I hardly ever use in-lines. I'd only use them for stalking in the edge where I can see them on the deck. I won't cast one as in my opinion it'll land nose first and interfere with the hook link. I'm not up for that. If I used pva bags I'd be happy to use in-lines but I don't use bags so I'm not!

I've never used running lead systems. I want that bolt effect to be as strong as possible so they don't interest me.

Lot's of talk about sensitivity and bite indication above. I have to say that doesn't really bother me. My priorities (in approximate order) are:

1. Tangle Proof

2. Effective presentation on the deck

3. Decent bolt effect

In my experience if the rig is in the right area, free from tangles and presented you'll get takes. If my alarm beeps the first thing I do is get down to the rod and check out what the line is doing as it enters the water. That is night or day. If there' a carp on the end you tend to know imo.

I'll always use the biggest leads I think I can get away, again for that bolt effect.

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Well, some good posts from all and I'm not too sure I can add much to what's been said already...….. 

The very first set up I used was a running rig, it was the only lead arrangement I knew of,, until sometime in the early eighties someone showed me both the hair rig and the bolt rig arrangement, The bolt rig consisted of adding a split shot on the mainline just above the lead by a few inches, so the fish could take a few inches of line before the resistance of the lead would prick the hook home and hopefully cause the fish to bolt and a full blown run occur. Can't say it made much difference to mine or my mates catch rates, the leads we used were so small at the time, no more than half ounce. But we carried on catching pasties and thought we were carp anglers...… However, the concept of the bolt rig, aiding hooking with a larger weight, definitely stuck, and influences my fishing in a big way to this day... Which is possibly why, I have less confidence in running rigs,...… Basically, in my head, if there is little or no resistance once a fish picks up my rig, then I just think I'm getting done at the slightest bleep. And assume that a fish will just spit me out, without the weight of the lead to hold the rig in place until I pull into the fish.... For the same reason, hooking potential, I prefer to use a dumpy shaped lead, either a square pear or dumpy pear...……...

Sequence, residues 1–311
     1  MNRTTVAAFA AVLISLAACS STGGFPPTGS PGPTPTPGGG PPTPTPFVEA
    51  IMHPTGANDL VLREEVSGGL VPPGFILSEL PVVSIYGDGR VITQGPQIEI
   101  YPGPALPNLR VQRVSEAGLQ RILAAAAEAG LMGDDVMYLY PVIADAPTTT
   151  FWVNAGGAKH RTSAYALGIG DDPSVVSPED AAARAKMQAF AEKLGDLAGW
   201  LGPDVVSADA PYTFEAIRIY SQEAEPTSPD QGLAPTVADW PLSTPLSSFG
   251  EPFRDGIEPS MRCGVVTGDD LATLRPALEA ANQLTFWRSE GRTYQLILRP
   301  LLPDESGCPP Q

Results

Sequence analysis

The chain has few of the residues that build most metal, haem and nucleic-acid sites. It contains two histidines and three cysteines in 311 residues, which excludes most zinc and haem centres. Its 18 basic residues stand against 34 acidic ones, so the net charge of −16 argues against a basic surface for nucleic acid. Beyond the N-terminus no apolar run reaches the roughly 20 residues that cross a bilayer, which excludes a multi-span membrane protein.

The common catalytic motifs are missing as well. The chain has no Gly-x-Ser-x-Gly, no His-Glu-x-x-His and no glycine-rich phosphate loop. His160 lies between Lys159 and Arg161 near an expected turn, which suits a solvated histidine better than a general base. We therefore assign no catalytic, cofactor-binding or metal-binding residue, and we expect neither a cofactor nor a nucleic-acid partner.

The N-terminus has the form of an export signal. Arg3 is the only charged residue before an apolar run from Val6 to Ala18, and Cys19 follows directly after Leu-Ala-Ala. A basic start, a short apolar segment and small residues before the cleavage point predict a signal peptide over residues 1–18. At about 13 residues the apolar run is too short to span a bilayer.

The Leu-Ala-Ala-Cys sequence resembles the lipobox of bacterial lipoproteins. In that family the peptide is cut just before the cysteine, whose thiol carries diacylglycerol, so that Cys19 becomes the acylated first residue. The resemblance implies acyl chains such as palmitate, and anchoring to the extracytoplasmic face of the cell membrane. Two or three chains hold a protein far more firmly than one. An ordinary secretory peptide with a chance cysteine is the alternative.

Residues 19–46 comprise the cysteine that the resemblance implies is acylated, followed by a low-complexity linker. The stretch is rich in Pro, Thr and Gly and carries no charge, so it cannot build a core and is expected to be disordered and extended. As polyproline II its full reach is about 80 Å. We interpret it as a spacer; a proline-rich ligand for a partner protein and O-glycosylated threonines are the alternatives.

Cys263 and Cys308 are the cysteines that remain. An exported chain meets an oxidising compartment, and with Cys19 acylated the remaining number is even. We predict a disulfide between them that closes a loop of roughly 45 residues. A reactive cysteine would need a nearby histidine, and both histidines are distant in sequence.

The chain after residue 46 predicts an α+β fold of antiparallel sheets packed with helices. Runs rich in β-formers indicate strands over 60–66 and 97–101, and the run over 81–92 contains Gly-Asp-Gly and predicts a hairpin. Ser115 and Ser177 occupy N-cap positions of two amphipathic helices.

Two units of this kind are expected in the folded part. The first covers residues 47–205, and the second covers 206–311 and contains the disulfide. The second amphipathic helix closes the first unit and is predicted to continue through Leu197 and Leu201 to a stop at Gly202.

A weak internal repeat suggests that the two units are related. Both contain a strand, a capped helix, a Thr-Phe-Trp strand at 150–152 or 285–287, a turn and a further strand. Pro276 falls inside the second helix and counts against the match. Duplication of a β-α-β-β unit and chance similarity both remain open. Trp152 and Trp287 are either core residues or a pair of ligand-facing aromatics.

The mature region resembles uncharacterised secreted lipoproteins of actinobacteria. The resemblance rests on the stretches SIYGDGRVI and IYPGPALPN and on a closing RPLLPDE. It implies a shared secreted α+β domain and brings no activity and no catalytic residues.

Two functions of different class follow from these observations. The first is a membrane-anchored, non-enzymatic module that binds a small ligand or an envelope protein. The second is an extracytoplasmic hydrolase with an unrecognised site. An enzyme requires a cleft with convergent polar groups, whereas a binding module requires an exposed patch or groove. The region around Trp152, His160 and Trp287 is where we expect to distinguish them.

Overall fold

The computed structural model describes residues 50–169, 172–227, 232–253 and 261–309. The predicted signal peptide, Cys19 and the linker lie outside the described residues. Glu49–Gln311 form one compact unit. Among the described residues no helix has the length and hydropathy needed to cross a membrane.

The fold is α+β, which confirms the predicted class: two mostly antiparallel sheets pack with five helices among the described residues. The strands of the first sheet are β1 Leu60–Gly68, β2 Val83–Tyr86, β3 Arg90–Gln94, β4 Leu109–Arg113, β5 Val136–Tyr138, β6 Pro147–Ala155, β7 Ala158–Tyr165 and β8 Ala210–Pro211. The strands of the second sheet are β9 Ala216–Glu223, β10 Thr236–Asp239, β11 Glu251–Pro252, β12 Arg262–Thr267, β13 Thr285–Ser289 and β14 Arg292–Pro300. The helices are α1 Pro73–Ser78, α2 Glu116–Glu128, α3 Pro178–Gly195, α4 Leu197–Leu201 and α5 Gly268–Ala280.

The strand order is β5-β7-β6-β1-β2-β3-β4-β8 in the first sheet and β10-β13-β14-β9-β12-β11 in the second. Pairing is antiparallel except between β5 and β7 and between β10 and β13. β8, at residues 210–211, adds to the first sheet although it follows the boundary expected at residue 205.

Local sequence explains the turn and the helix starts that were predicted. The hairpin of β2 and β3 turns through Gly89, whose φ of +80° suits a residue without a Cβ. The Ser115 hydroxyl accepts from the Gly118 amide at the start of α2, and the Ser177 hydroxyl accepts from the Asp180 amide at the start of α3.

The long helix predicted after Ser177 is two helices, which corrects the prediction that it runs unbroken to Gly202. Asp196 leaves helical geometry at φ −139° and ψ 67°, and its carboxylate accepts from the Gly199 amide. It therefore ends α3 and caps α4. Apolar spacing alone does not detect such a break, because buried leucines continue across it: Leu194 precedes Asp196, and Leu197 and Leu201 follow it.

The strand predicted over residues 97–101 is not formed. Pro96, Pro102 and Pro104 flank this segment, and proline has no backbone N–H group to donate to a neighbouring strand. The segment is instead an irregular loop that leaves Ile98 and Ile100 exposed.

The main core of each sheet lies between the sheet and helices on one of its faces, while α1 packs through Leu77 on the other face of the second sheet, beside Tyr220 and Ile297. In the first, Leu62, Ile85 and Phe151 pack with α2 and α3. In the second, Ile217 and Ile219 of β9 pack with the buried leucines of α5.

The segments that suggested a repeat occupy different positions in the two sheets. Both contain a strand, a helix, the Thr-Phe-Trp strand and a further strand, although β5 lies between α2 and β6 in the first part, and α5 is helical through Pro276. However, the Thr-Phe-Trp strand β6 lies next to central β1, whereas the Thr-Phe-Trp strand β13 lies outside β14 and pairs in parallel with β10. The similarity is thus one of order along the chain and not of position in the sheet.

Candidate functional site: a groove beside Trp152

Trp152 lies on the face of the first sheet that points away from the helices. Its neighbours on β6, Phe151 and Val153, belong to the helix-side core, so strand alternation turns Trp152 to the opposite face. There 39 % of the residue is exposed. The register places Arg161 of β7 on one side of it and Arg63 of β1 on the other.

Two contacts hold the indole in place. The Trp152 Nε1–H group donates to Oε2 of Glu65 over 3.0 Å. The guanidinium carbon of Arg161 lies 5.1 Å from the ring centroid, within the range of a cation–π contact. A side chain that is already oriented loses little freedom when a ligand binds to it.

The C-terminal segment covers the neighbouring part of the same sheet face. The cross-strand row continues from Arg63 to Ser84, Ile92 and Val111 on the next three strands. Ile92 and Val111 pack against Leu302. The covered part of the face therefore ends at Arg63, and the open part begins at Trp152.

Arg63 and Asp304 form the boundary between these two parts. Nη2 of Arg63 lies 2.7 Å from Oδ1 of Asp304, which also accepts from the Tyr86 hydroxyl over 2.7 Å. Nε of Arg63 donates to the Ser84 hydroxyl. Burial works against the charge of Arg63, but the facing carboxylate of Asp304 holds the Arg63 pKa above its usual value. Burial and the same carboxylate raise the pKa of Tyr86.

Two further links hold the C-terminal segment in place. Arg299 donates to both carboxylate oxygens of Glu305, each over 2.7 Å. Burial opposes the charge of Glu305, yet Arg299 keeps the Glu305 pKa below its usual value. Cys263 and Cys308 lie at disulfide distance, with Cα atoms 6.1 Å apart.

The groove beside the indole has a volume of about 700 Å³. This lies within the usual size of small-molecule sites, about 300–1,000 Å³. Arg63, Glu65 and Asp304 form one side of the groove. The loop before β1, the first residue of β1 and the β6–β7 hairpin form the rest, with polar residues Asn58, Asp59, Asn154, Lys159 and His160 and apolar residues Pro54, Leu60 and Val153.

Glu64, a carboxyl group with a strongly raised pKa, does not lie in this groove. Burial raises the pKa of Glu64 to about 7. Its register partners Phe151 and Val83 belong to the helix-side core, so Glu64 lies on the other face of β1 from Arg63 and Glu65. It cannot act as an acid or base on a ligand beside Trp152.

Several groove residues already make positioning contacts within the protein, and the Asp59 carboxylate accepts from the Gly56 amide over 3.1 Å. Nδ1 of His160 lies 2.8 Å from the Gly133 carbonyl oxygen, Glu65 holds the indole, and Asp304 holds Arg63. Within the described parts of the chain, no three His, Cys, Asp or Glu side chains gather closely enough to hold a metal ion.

I've been using a lead clip arrangement while the weed has been up. I'm not a fan of lead clips, they are easily misused and can become death rigs when they are pushed up tight with pins through the swivel. There's no chance of the lead dropping...… The Kodex clips and tail rubbers that I've been using have a bump on the clip as a guide. Push the rubber up to the bump and the lead drops easily, push it over the bump and the tail rubber is on much firmer. It's idiot proof and the lead has dropped on every take so far...….

The only other thing I'll add is my marker lead is different to my main leads, it will be bobbly shaped to help pick up any bobbles on the bottom, indicating gravel. I will keep it the same weight as my main leads so that if theres a few inches of silt on top of gravel, I should get a similar drop on my rods, the same as the marker lead.

As I said earlier, there isn't much I can add to previous posts.....

I'll nominate @emmcee, if there's anything you can add to this thread mate, then fire away..🙂





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Thanks BC,  as you have rightly said not much can be added to what has already been said. 

Personally I have only used in line leads (both normal and drop off style) , lead clips and helicopter.